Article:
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Being A Great Pet Owner

Tips To Make The Vet Visit Better For All

It’s a known fact in veterinary medicine that all the veterinary team is in this crazy field because we love animals. And, many, but not all, love working with the owners of those pets – you bring us joy along with your pet.

Building a fun and trusting relationship with a pet owner is a wonderful part of our work. It’s part of our partnership with you, the owner, to ensure that you understand your pet’s needs in good health and when ill. But we sometimes end up with frustrations and miscommunications that could be avoided with a little forethought and knowledge from the burden of expectations.

So, here’s a few tops on how to make the visit better for owners, pets and your veterinary team:

1. Be on time or even a few minutes early for your appointment and arrive with your pet on leash or in a carrier. We have appointments scheduled before and after your allotted time and when you come in 10-15 minutes late, we will not have as much time for you as we don’t want to be punishing the next appointment for your tardiness.

2. Tell the truth and provide all pertinent history. We hold no judgment if your dog ate something other than dog food, such as the pan of brownies, or got into the trash. We need to know details, especially if it is possible that they ate any of the “special” products that are legally available in Colorado. We are detectives trying to solve a mystery illness, and all clues will help us get to helping your pet recover faster.

3. Be honest financially. Owning pets is a privilege, but it also has an impact on your budget. For ill pets, we will offer a treatment plan of diagnostics and care that is appropriate for your pet, but we also understand that sometimes we cannot do all things at once and can tailor a plan that works to balance pet needs with financial realities.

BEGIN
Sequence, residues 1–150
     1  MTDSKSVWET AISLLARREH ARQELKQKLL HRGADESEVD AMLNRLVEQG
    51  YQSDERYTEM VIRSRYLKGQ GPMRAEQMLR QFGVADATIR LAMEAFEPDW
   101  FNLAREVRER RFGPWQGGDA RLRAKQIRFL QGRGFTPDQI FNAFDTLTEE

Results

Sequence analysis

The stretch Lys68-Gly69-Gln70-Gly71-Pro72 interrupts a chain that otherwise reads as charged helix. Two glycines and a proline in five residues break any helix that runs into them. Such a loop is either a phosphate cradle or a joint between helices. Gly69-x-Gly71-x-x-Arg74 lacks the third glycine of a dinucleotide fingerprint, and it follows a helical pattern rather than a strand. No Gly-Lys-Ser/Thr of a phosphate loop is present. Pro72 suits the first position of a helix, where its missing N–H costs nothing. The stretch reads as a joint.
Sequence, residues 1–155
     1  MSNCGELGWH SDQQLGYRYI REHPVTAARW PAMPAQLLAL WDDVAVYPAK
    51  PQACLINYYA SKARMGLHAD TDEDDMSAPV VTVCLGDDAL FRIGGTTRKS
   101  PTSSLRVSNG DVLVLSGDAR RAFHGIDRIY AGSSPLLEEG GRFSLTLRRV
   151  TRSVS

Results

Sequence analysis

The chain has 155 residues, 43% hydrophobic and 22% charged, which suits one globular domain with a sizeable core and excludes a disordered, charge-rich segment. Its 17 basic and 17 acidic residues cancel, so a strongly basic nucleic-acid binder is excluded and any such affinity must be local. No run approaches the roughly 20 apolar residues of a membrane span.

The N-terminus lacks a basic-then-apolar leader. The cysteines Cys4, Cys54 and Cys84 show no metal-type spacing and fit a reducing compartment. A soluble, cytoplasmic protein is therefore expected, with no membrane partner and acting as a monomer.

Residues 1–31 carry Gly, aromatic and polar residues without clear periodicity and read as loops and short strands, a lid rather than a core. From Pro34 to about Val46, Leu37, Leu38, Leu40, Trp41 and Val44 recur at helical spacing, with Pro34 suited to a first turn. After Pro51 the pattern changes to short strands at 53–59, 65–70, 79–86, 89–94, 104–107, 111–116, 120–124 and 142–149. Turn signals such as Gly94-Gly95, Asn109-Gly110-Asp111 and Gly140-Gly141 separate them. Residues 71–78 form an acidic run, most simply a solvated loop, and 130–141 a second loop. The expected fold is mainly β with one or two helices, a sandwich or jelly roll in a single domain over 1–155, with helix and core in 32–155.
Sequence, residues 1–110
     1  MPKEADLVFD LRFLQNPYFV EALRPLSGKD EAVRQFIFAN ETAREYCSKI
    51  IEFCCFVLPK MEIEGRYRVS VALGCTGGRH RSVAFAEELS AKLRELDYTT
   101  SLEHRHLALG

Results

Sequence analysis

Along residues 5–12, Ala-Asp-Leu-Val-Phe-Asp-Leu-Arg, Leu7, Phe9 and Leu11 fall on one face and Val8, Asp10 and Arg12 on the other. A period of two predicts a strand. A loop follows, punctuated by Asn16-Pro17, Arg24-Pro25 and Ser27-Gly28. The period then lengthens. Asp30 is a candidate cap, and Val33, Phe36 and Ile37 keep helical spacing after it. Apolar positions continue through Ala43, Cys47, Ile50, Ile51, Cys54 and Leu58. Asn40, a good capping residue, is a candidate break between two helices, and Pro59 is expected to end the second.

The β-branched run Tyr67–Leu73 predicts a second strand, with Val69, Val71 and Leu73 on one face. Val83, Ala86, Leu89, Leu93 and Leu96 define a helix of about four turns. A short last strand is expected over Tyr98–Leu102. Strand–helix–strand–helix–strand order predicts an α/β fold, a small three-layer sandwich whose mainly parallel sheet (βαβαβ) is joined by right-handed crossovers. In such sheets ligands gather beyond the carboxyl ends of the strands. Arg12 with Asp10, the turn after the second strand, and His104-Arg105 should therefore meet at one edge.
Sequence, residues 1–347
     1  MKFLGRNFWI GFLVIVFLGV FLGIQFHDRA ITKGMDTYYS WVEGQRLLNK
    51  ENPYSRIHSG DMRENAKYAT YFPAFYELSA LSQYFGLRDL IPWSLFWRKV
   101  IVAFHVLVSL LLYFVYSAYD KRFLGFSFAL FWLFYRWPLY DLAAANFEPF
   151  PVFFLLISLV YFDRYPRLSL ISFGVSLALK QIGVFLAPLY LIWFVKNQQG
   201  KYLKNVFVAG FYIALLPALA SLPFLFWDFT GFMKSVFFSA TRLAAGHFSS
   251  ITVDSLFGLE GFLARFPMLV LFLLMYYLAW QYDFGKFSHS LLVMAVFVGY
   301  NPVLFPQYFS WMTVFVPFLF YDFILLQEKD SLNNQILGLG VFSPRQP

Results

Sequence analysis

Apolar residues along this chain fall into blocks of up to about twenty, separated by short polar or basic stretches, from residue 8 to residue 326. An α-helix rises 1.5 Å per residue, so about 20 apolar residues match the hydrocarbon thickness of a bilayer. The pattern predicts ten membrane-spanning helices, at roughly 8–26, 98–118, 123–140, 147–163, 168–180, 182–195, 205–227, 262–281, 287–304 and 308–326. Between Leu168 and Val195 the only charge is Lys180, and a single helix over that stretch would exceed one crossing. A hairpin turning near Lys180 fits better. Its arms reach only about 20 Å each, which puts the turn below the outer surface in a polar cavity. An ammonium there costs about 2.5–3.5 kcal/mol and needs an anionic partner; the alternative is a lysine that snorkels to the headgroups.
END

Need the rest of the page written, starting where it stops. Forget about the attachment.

4. Be proactive. If your pet has been ill all week, don’t wait until Friday at 4 p.m. to contact your veterinarian. If clinical signs such as diarrhea or loss of appetite persist or worsen longer than 12 to 24 hours, contact your veterinarian. Waiting on care for your pet can mean that your pet is sicker, meaning it could be more expensive to diagnosis and treat because of increased severity of disease.

5. Allow the staff to handle your pet during the exam. We are trained to keep everyone safe – you included – with proper restraint techniques. When needed, we will make you the provider of treats and distractions to allow us to handle your pet in the most efficient and stress-free way. And, sometimes, that may mean that we borrow your pet to examine them away from you, to reduce their protectionism.

6. For ill pets, bring appropriate fresh samples of poop or urine if you are able to. For example, if your pet is having signs of urinary tract infection with changes in urination, we want to be able to analyze urine for information. Or, if diarrhea has been going on a few days, bring a fresh sample – fresh meaning you picked it up immediately after production. If you’re not headed straight to the clinic, store the specimen in the refrigerator until appointment time. Please don’t bring a sample from the yard that was produced four hours before and will be full of contaminants by the time you pick it up. That makes analysis difficult.

7. Be compliant about medications and treatments. Our instructions for care and/or medications are not suggestions – they are your pet’s treatment and meant to improve or resolve their medical condition.

8. Ask questions or for more information. We want you to understand your pet’s diagnosis and prognosis, as well as their treatment. The more you know (without developing hypochondria), the better the care.

9. Don’t believe all you read on the internet, were told by the breeder or sold by the clerk at the store. The internet is full of unearned expertise and often wrong information. It’s great to research about your pet’s diagnosis or symptoms, but discuss them with your veterinarian so that you can make the best decisions and choices for your pet’s care. Dr. Google and other experts may not have attended veterinary school nor know enough about different species to offer safe recommendations regarding nutrition, symptoms, etc.

10. Bring your pet hungry to their preventive care exams – treats make all veterinary visits better. If your pet has food allergies, then bring a bag of your own safe treats for staff to give.

Above all, be nice to all the veterinary team members, not just the veterinarian. We are all here to help you and your pet. Berating the receptionist or nurse when you’re stressed doesn’t reduce stress. We know that you are worried about your pet and are here to help. Know too that we deal with hard diagnoses, sad cases, difficult owners and even death every day, but still ensure that we are offering you a smile, support and educating you about your pet’s needs.

Dr. Margot can be reached at

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